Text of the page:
Writings by Cole Huffman


How's It Going At Church?

“I see Him looking at them as they lay on the ground, with the poignant abandonment of sleeping men: mouths open, heads thrown back, features relaxed, limbs limp and inert. So vulnerable, so fragile, What, could ye not watch with me one hour? Alas, no, not even that—looking at them as God has looked at His creatures through the eons; disappointment without end weighed against inexhaustible love.” (Malcolm Muggeridge)

I’m on Jeopardy! I’ve chosen “Potpourri” for $600, and the answer appears blue screen: “Sinners are there, and Christ is there, and the two mix horribly and wonderfully.” My buzzer is first. How’s it going at church? Trebek tells me I need to be more specific. What is First Evan? Correct!

I awaken. My show earnings paid for all five kids’ college educations. I was cleaning up. Shakespearean sonnets was not a category, but “in that sleep [of college tuition payers] what dreams may come.”

I don’t dream like that really, but I am often asked how things are at church. Usually it’s small talk. People aren’t looking for a reflective answer necessarily. But even the best of churches is, as I once heard it put, equal parts mystery and mess, and so an answer like sinners are there, and Christ is there, and the two mix horribly and wonderfully, seems to cover it in an economy of words.

Years ago someone said to me that First Evan is a “church of the well.” The point was we didn’t seem to be the safest place for those struggling with sins and doubts. It was a fair critique at the time and yet I don’t know that any church will always be safe. I think it’s generally recognized among us that transparency is a function of shared grace, and that there are burden bearers for everyone in every church, but we are a place of wounding and healing both, as was every church in the New Testament. Some leave us looking for the perfect church they know must be out there, the church where they won’t be disappointed relationally. That church doesn’t exist this side of New Jerusalem.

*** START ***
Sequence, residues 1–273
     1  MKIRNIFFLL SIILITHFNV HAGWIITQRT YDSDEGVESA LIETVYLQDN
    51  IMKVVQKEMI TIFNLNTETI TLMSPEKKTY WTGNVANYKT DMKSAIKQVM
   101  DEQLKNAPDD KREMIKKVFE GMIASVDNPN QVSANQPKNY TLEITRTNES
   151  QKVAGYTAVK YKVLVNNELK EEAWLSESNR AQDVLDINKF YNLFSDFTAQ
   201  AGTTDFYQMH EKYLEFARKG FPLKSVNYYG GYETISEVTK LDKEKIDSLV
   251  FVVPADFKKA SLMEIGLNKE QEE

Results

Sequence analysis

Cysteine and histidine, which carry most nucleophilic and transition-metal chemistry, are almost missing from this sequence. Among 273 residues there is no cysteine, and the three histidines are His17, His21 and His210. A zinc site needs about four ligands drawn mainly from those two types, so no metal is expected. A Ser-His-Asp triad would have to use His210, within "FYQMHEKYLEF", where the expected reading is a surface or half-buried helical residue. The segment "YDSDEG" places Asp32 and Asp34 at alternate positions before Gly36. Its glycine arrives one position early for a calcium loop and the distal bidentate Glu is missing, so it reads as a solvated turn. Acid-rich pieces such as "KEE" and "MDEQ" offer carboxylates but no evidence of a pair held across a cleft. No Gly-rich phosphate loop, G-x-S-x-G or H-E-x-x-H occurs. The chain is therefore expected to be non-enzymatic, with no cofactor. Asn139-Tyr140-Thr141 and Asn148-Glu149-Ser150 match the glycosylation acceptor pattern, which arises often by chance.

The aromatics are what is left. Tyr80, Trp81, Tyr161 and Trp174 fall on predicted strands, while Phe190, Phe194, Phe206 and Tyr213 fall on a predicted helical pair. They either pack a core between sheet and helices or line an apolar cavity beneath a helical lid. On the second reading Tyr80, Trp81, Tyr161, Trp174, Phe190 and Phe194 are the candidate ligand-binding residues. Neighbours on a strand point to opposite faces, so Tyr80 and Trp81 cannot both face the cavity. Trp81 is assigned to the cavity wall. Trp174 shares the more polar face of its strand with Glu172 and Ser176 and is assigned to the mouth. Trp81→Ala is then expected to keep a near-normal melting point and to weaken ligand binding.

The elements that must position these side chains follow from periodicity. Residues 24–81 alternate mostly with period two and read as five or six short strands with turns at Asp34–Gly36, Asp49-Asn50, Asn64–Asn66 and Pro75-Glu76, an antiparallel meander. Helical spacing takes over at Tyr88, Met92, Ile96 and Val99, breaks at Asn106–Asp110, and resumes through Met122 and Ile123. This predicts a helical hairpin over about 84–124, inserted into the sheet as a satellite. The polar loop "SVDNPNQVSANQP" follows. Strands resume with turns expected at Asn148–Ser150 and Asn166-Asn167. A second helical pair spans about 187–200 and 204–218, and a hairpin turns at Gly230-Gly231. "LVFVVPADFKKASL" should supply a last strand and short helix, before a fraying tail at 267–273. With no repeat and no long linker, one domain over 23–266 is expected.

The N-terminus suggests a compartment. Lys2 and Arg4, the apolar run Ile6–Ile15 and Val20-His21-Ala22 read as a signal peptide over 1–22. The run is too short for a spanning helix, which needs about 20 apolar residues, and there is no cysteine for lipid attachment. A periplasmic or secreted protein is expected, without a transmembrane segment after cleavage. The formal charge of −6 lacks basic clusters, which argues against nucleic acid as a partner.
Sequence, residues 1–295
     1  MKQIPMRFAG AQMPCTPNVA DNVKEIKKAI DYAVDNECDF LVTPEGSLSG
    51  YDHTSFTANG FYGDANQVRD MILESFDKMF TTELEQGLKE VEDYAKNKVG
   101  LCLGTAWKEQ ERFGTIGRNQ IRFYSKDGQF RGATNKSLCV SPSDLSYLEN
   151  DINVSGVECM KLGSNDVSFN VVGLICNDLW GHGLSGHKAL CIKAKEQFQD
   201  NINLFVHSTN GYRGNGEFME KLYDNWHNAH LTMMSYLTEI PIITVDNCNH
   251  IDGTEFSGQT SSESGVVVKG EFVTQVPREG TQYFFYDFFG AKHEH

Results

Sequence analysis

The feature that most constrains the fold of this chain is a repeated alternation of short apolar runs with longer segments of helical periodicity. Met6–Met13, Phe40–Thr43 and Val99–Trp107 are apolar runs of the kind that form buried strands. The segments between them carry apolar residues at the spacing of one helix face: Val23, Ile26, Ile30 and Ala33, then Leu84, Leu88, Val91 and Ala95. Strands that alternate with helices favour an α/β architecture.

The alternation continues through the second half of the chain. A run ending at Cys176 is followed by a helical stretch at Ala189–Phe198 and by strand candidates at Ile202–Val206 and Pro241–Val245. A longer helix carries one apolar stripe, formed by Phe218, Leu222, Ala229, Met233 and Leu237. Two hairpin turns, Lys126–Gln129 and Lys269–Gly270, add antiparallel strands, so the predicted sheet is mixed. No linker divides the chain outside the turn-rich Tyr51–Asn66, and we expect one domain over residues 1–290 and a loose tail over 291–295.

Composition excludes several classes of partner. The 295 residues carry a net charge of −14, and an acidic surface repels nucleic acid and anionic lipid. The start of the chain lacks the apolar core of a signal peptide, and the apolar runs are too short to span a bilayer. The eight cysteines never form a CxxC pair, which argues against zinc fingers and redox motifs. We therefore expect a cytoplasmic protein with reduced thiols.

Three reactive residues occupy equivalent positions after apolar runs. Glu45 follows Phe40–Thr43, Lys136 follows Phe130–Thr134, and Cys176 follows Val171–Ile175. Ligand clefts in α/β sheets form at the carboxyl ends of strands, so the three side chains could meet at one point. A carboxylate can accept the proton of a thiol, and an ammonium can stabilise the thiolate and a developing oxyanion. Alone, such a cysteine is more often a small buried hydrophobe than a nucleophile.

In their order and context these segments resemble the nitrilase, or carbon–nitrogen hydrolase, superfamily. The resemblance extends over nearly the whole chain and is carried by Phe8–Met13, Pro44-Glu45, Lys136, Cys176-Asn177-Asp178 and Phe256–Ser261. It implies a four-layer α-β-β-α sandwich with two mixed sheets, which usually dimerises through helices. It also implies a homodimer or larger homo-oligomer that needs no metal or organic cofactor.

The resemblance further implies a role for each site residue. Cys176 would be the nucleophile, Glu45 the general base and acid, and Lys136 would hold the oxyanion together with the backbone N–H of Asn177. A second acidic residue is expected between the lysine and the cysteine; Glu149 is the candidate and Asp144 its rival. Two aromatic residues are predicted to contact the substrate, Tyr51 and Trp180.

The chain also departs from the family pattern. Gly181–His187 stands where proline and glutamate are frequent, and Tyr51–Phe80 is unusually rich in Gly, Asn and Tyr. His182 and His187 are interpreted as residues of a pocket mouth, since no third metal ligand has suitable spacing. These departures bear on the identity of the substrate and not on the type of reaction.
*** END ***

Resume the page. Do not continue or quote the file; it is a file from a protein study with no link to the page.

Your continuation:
That’s not to shrug off what we don’t do well. But when I listen to some play up how great and exciting their church is, I know they’re talking about a brand they’ve created, not the bride. The bride of Christ is more like being married to Leah and Rachel at the same time. Sometimes the bride is like Ruth. Sometimes she’s Gomer.

“A bare sixty or seventy years after Pentecost we have an account of seven churches [Rev. 2-3] that shows about the same quality of holiness and depth of virtue found in any ordinary parish in America today,” writes Eugene Peterson in Under the Unpredictable Plant. “In two thousand years of practice we haven’t gotten any better. Every we time we open up a church door and take a careful, scrutinizing look inside we find them there again—sinners. Also Christ.” (24)

Also Christ. The best thing we have going for us. How’s it going at church? It’s going in the direction of residence in New Jerusalem in our glorified state. That gets construed as rapturous escapism but wakefulness to Jesus’ return is really about welcoming justice, when every wrong is put right. To Tolkienize it, it’s the day the great Shadow departs and everything sad comes untrue.

How’s it going at church? I can answer that inventorying our health and hospitality. I can list good things we’re doing in the city and around the world. But our buoyancy comes from a palpable sense of “as if not” (read 1 Cor. 7:29-31):

“Even when we are rightly developing faithful cultural expressions of art and music, even when we are digging wells in the Sahel and developing centers to help the homeless, even when we patiently and lovingly build solid marriages in line with God's disclosure of what marriage should be, even when we connect the use of our fiscal resources to kingdom priorities, the entire fabric of our current existence stands under God's as if not. We cannot, we must not, be entirely engrossed even in good things that God himself labels gracious gifts, if those gracious gifts are tied to an order that is passing away. If we learn this lesson well, we shall better understand what it means to lay up treasures in heaven.” (D. A. Carson)

Because Christ is among us, First Evan has a lot going for her now—and later—and I’ve never been more grateful for her. I see in us more progress than regress in the obedience of faith. We still have work to do in some areas. We have rest to do in others.

How’s it going at church? Sinners are there, and Christ is there, and the two mix horribly and wonderfully. It’s how it’s supposed to be for now. The church is the place we learn that whatever the disappointments, Jesus is not ashamed to call us His own. The church is the people inexhaustibly loved.

Posted by Cole Huffman at 3:09 PM
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